7

Yes, it's completely normal to buy (and sell) puts and other options without holding the underlying. However, every (US) brokerage I know of only permits this within a margin account. I don't know why...probably a legal reason. You don't actually have to use the margin in a margin account. If you want to trade options, though, you will need a margin ...


6

Options reflect expectations about the underlying asset, and options are commonly priced using the Black-Scholes model: N(d1) and N(d2) are probability functions, S is the spot (current) price of the asset, K is the strike price, r is the risk free rate, and T-t represents time to maturity. Without getting into the mathematics, it suffices to say that ...


6

Yes, the potential loss for a short seller of stock is almost unbounded but no stock has ever gone to infinity. Anyone with any experience with shorting would practice disciplined risk management should a short position move against him. Yes, a gap can hurt but no trader with a lick of sense doesn't cut losses. As for long puts versus short stock, ...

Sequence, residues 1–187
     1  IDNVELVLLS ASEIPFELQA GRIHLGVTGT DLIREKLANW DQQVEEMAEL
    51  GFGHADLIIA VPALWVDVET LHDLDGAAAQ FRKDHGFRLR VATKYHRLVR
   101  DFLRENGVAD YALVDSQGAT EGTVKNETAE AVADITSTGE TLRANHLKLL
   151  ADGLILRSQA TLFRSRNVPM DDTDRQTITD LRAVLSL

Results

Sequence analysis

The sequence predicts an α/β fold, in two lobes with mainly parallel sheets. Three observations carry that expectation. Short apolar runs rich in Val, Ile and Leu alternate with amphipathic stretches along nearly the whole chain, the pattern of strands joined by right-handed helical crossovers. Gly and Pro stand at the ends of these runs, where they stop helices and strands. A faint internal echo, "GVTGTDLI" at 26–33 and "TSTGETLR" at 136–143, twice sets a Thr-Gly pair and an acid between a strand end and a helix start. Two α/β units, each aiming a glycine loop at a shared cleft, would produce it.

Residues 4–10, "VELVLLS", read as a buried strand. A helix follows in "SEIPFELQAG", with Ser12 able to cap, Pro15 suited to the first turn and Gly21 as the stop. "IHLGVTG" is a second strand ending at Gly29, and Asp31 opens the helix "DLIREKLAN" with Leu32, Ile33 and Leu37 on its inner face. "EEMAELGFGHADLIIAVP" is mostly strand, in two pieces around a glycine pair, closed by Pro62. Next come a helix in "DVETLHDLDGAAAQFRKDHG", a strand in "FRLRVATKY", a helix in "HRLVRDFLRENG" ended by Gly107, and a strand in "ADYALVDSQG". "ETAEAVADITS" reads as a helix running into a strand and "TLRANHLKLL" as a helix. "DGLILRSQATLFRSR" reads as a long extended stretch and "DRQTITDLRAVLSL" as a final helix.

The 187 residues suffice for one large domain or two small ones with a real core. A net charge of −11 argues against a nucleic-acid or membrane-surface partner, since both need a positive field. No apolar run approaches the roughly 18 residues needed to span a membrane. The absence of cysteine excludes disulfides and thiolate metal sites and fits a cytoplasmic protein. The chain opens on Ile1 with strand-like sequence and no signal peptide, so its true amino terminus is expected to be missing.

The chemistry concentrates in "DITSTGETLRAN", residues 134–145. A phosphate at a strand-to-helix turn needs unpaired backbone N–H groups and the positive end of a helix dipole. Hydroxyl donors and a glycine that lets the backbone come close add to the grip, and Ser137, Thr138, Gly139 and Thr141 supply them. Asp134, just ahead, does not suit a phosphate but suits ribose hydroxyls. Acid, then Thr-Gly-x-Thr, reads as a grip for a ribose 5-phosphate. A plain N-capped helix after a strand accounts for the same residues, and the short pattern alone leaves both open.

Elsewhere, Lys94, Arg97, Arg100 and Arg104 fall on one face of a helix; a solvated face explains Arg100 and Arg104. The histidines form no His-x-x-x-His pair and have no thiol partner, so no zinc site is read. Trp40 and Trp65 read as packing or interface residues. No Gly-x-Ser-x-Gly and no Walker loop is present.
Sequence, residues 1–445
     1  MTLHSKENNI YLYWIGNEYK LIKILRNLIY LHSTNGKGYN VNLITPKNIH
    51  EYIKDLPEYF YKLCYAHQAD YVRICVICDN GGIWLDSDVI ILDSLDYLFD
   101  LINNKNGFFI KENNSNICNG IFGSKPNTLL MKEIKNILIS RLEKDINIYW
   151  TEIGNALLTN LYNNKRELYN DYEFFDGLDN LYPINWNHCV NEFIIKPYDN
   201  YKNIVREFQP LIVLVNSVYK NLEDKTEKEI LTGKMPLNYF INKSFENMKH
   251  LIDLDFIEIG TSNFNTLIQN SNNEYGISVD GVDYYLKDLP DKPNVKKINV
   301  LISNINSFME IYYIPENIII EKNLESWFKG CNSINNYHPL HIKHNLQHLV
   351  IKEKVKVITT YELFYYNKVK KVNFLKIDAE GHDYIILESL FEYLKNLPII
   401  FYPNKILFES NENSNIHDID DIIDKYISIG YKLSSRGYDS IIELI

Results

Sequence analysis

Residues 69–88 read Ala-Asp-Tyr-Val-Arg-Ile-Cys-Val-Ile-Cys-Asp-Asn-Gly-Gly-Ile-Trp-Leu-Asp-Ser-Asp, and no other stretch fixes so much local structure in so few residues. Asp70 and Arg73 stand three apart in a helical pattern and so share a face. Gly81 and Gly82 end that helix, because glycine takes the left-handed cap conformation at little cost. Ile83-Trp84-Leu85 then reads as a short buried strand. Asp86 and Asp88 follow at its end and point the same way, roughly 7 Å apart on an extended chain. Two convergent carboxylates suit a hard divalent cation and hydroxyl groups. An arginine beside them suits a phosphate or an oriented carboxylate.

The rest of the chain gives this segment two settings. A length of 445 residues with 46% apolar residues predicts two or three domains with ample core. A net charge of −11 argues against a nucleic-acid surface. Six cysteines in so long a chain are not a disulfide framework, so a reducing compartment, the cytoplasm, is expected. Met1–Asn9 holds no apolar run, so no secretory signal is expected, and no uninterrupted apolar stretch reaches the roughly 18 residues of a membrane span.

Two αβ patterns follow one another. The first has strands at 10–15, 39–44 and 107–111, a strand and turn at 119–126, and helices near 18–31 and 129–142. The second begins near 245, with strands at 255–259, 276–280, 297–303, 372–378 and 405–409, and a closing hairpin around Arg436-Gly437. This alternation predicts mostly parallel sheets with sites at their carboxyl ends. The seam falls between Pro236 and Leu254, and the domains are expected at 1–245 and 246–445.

5

The question is, how do I exit? I can't really sell the puts because there isn't enough open interest in them now that they are so far out of the money. I have about $150K of funds outside of this position that I could use, but I'm confused by the rules of exercising a put. Do I have to start shorting the stock? You certainly don't want to give ...


5

I would make a change to the answer from olchauvin: If you buy a call, that's because you expect that the value of call options will go up. So if you still think that options prices will go up, then a sell-off in the stock may be a good point to buy more calls for cheaper. It would be your call at that point (no pun intended). Here is some theory which ...


5

So, yes, you may be having the inevitable epiphany where you realize that options can synthetically replicate the same risk profile of owning stock outright. Allowing you to manipulate risk and circumvent margin requirement differences amongst asset classes. Naked short puts are analogous to a covered call, but may have different (lesser) margin ...